The rapidly expanding lists of electric trucks could help President Joe Biden meet his latest climate goals that call for two-thirds of new cars and trucks sold in the U.S. to be all-electric by 2032. The Biden administration says these proposed rules would cut nearly 10 billion tons of CO2 emissions and save consumers $12,000 on average over the lifetime of a vehicle.

Electric vehicle sales are rising though they still account for a small share of the U.S. auto market. Drury said electric trucks totaled a fraction — 0.20% — of total vehicle sales in 2022. Cox Automotive forecasts EV sales will surpass 1 million units this year in the U.S.

Jonny Lieberman, senior features editor at MotorTrend, took the electric plunge when he bought a Rivian R1T in June of 2022. Lieberman said the truck’s off-roading capabilities convinced him to embrace the EV lifestyle.

“The truck has four motors — that’s game-changing for off-roading,” he told ABC News. “It’s also a performance vehicle with 835 horsepower and 908 lb-ft of torque.”

Lieberman, who lives in Southern California, installed a home charger to juice the truck’s battery for his outdoor adventures. He gets 270 miles on a full charge and hasn’t experienced range anxiety yet, he says.

“I stopped thinking about worse-case scenarios like what do I do on a road trip,” he said.

He’s even become an unofficial spokesperson for the brand, preaching to friends and strangers about the benefits of owning one.

“I have convinced many people to buy a Rivian. I am an evangelist,” he said. “Imagine never having to go to a gas station again.”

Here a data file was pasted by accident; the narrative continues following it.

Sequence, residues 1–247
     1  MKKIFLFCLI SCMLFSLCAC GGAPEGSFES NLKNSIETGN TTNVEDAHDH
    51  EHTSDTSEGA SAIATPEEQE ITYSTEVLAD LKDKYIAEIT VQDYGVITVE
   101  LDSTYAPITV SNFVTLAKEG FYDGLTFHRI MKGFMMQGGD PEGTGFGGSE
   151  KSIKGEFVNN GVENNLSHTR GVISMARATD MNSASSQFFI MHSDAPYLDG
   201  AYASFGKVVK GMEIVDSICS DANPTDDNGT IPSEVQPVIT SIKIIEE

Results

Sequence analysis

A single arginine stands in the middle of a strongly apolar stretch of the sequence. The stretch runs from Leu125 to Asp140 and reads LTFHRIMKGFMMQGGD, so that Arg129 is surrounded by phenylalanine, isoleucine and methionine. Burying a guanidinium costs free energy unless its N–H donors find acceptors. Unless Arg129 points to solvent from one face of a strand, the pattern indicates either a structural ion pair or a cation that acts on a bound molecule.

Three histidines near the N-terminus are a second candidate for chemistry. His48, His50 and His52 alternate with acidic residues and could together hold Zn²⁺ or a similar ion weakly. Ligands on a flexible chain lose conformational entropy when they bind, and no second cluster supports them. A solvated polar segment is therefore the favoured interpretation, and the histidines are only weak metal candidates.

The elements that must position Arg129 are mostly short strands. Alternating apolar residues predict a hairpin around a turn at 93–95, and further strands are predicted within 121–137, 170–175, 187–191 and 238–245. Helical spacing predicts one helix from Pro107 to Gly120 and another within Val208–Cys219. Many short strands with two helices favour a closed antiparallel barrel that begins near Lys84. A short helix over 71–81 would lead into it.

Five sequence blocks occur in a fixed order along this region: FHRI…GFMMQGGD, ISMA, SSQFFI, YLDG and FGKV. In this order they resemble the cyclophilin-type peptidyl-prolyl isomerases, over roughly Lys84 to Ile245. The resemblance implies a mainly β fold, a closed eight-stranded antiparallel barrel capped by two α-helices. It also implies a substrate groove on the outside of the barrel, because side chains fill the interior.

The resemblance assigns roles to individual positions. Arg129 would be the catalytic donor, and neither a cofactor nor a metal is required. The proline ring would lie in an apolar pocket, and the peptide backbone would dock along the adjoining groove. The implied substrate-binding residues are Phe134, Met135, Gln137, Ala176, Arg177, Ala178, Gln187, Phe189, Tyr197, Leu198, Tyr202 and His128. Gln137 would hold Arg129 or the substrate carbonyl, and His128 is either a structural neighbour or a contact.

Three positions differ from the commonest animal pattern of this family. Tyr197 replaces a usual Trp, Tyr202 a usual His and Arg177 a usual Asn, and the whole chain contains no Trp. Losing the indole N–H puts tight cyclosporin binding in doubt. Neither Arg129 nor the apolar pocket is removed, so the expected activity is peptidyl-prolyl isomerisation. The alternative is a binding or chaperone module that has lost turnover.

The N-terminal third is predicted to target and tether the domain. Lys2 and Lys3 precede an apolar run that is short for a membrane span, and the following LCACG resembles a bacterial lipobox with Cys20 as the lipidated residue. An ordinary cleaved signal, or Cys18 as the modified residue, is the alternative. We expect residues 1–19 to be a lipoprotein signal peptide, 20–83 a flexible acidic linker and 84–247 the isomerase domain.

Tony Caravano, senior director of customer engagement at Rivian, said 75% of R1T and R1S customers are new to EVs. Moreover, 60% of R1T customers have never owned a pickup truck before.

“People are really excited by the design, capability and performance,” Caravano told ABC News. “The vehicles are durable. Customers put baby strollers in the truck’s gear tunnel.”

He added, “We’re exposing EV technology to a lot of people.”

PHOTO: The Rivian R1T all-electric truck.

The Rivian R1T all-electric truck.


Owners of the $73,000 Rivian R1T truck are some of the happiest in the industry, according to a new J.D. Power survey. Many buy the R1T and the R1S, the company’s three-row SUV, for their daily commutes or to shuttle their kids to and from school, Caravano said.

The R1T may also soon act as a backup power generator, similar to what the F-150 Lightning can do. Ford customers who purchase the Lightning’s extended range battery can power up their homes for up to three days.

Rivian, like Tesla and Mercedes, is also busy building out its “Rivian Adventure Network,” where Rivian customers can exclusively charge their vehicles at various U.S. locations. Rivian currently has 113 DC fast charging sites and Rivian waypoints (level 2 chargers) and 34 additional locations are coming online soon, Caravano said.

“Charging infrastructure is very important as well as and education around charging,” he said.

The all-electric 2025 Ram 1500 REV, which made its debut in New York this month, has a targeted range of 350 miles with a standard 168 kilowatt-hour battery pack. That number jumps to 500 miles if owners choose the larger 229 kilowatt-hour battery.

PHOTO: Mike Koval, chief executive officer of Ram Brand, speaks next to a 2024 RAM 1500 REV electric pickup during the 2023 New York International Auto Show (NYIAS), April 5, 2023, in New York.